President Hu Jintao addresses the celebrations for the 60th anniversary of the founding of the People's Republic of China, on the Tian'anmen Rostrum in central Beijing, capital of China, Oct. 1, 2009. (Xinhua/Fan Rujun)
by Xinhua Writer Chang Ai-ling, Zhao Ying and Yuan Ye
BEIJING, Oct. 1 (Xinhua) -- China staged a grand celebration in Tian'anmen Square at the heart of Beijing Thursday, showcasing the strength and vitality of Chinese-style socialism over the past 60 years.
President Hu Jintao and other Chinese leaders viewed the two-hour pageant, which involved nearly 200,000 servicemen and women and civilians, from atop the Tian'anmen Rostrum, where Chairman Mao Zedong proclaimed the birth of the People's Republic of China (PRC) in 1949.
A total of 60-gun salutes accompanied by the national anthem played by a 1,300-member military band and a solemn national flag-raising ceremony ushered in the beginning of the festivities.
Wearing a Mao suit, Hu stood in an open-top black Red Flag limousine to review the military formations, which assembled along Chang'an Avenue, part of which has been widened and reinforced for the weight of heavy military equipment to be displayed in the National Day parade.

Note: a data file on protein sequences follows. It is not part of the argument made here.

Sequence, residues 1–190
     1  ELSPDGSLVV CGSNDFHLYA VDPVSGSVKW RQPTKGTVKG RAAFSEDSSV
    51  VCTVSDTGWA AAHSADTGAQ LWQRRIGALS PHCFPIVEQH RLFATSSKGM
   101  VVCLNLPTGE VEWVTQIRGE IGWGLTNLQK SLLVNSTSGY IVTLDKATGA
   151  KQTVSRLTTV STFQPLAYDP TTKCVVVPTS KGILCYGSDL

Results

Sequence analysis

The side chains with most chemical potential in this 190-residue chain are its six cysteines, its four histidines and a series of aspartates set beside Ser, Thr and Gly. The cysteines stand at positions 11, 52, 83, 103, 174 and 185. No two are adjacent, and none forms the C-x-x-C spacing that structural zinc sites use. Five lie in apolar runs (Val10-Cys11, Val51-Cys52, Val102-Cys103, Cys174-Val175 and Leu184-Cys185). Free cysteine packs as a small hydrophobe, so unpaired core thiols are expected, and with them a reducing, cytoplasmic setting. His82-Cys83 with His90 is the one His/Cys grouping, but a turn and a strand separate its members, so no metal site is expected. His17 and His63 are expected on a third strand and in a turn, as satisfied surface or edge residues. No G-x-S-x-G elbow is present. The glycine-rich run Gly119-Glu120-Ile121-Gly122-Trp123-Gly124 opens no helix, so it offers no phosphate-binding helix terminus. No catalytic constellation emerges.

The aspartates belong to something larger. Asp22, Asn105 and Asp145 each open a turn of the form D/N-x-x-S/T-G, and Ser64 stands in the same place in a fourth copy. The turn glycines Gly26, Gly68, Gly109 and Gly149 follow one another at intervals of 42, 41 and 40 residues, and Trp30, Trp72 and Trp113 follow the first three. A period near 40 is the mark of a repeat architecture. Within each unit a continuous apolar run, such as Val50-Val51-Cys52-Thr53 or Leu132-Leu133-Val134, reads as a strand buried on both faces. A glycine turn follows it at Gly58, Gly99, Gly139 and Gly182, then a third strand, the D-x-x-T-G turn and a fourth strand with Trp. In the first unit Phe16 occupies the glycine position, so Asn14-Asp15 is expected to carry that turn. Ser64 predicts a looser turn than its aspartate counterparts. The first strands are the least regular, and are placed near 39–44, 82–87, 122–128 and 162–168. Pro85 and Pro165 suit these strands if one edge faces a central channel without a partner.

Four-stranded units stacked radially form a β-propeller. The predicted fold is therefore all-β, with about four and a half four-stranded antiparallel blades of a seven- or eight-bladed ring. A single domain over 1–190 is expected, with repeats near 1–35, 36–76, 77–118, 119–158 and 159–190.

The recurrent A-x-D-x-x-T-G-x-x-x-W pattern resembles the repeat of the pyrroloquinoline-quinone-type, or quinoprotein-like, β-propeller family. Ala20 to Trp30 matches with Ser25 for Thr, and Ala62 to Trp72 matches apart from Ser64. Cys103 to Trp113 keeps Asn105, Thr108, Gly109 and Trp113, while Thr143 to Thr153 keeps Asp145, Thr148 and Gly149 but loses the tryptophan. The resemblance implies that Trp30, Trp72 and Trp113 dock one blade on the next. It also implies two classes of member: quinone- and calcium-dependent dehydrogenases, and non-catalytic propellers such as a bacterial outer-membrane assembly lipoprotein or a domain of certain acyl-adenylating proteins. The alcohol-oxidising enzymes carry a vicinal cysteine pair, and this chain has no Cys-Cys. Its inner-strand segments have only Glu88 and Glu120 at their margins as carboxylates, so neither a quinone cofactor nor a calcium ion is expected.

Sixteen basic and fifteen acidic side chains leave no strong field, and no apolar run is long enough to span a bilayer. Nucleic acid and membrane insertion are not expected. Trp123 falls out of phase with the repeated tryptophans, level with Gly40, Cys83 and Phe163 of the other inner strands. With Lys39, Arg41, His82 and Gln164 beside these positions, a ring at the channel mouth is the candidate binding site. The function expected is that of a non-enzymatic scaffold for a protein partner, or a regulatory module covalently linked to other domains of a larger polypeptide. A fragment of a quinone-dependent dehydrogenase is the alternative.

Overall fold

"We must unswervingly follow the road of socialism with Chinese characteristics...and the reform and opening-up policy," Hu said in a speech atop the Tian'anmen Rostrum after reviewing the troops.
"The development and progress of New China over the past 60 years fully proved that only socialism can save China and only reform and opening up can ensure the development of China, socialism and Marxism," Hu said.
Hu said that all the Chinese people were "full of confidence" in the bright prospects of the great rejuvenation of the nation.